The commission has now invited views on: 'whether suppliers and dealers should no longer be permitted to register cars in their own names unless they are for use in the business, e.g. by employees or as demonstrator cars, and for a minimum period of time, say three months. This would prevent the practice of pre-registering cars in order to window-dress sales figures, bringing additional transparency to the market.'
Pre-registered vehicles appear as fleet registrations in the Society of Motor Manufacturers and Traders' official sales records, leading some fleet commentators to argue that the figures misrepresent the health of the company car market in the eyes of the Government. Industry sources suggested that as many as 90,000 September 'V' registrations had no home to go to but were still registered by dealers. Adrian Rushmore, chief car editor of Glass's Guide, put 'true' September sales figures at no more than 310,000 units compared with a final total of 386,999 units, adding: 'The difference is largely accounted for through self-registration exercises, which amounted to over 20% of the monthly total.'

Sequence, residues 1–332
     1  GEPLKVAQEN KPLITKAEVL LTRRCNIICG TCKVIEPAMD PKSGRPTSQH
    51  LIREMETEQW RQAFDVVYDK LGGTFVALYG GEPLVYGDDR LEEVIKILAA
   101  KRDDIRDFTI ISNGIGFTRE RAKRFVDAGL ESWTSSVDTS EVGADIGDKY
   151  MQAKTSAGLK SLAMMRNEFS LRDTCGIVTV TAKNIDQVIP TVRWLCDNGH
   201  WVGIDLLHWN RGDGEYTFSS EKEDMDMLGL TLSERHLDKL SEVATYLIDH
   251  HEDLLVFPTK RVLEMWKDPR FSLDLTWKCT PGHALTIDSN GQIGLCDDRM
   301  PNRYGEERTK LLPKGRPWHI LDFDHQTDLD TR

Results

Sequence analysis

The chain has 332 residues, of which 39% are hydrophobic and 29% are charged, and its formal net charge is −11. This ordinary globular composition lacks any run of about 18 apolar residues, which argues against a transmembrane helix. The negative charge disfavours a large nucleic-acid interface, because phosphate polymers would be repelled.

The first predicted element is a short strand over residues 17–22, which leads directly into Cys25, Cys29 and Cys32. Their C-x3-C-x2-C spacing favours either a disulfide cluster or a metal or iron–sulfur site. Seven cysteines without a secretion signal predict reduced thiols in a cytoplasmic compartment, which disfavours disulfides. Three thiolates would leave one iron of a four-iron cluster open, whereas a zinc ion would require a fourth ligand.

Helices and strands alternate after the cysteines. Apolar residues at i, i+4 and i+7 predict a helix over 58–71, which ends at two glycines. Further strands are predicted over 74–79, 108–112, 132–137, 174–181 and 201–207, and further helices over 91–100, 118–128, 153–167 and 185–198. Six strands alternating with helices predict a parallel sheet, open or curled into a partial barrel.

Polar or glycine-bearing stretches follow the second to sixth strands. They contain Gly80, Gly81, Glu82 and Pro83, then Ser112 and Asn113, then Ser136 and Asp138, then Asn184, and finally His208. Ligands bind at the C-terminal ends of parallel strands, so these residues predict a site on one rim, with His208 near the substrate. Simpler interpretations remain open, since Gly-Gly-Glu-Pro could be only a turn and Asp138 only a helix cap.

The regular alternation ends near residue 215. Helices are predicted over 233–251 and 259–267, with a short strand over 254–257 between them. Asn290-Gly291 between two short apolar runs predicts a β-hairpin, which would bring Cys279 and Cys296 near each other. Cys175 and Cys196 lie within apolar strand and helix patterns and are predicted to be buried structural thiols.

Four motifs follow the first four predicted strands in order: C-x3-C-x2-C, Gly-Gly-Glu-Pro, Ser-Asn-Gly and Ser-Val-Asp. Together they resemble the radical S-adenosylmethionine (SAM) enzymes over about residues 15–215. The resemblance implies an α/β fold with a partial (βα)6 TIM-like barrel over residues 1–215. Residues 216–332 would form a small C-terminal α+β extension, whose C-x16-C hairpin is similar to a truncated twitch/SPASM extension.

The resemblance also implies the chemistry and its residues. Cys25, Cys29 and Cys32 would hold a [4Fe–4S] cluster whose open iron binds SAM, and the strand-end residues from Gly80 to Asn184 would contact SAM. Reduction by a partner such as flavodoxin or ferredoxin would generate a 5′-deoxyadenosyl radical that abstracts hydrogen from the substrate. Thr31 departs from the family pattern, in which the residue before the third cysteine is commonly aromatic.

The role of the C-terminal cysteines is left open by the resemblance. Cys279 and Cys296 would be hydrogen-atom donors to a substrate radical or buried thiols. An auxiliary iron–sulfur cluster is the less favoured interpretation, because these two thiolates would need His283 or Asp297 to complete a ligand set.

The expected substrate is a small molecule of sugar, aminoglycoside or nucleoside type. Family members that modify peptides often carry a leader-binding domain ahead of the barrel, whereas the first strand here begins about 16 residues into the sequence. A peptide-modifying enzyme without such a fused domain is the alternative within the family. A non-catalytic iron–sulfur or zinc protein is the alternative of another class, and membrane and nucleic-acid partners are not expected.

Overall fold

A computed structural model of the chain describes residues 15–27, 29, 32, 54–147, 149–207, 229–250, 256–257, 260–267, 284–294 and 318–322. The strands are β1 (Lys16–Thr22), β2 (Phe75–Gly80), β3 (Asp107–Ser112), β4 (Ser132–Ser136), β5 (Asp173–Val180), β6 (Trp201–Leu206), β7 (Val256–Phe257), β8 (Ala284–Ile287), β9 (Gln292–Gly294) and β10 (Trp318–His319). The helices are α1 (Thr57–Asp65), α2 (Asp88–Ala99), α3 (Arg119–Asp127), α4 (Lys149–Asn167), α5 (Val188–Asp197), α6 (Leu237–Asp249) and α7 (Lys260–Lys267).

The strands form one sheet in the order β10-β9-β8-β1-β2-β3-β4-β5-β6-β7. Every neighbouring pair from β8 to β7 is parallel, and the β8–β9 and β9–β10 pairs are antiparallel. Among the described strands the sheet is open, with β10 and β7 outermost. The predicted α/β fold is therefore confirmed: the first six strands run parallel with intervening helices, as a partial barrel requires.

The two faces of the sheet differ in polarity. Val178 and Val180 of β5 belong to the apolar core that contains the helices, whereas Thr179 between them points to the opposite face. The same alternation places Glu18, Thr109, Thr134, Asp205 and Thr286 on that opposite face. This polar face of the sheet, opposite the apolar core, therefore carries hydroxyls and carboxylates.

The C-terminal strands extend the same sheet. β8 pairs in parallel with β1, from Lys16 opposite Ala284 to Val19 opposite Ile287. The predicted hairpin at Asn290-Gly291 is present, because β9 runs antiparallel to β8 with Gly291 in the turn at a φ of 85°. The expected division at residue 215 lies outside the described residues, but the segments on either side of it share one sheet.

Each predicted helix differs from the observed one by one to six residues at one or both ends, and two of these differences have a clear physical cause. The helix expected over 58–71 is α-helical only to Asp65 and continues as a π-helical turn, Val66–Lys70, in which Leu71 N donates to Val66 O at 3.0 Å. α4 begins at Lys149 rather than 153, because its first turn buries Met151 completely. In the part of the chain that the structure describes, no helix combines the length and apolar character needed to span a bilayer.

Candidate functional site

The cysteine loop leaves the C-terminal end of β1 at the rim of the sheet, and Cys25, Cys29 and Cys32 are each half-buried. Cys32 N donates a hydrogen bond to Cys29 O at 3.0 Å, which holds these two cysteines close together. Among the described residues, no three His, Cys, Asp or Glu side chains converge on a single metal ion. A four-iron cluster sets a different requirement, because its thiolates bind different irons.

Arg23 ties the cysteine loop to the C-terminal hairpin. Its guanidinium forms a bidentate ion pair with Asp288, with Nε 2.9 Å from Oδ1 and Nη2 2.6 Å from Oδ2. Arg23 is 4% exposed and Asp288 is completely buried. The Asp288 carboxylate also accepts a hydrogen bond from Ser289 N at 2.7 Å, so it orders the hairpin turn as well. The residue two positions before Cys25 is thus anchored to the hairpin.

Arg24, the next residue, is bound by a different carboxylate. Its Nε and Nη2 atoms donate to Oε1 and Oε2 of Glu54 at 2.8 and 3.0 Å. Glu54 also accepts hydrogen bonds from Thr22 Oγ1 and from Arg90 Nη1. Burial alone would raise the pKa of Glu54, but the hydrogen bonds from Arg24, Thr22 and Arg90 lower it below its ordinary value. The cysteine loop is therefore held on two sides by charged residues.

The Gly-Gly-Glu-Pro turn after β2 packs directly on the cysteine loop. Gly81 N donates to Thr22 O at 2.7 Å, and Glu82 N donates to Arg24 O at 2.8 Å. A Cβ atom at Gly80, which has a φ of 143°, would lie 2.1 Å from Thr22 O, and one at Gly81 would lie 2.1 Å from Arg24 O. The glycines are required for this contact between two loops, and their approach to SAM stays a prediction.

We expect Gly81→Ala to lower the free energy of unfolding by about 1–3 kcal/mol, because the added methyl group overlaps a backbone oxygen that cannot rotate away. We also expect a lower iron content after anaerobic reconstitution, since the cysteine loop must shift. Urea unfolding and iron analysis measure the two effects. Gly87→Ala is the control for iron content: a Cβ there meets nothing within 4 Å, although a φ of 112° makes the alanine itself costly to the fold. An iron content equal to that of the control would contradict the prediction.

A spokesman for the SMMT questioned whether the October 29 deadline for replies gave the industry adequate time to respond. He added: 'If dealers register vehicles themselves it's a marketing initiative they have taken, and we are very puzzled how that will link with the price of new cars in the UK.' The Consumers Association, however, has argued that the price of pre-registered, nearly new cars with no miles on the clock better reflects the 'real' market price of new cars in the UK, rather than official manufacturer list prices.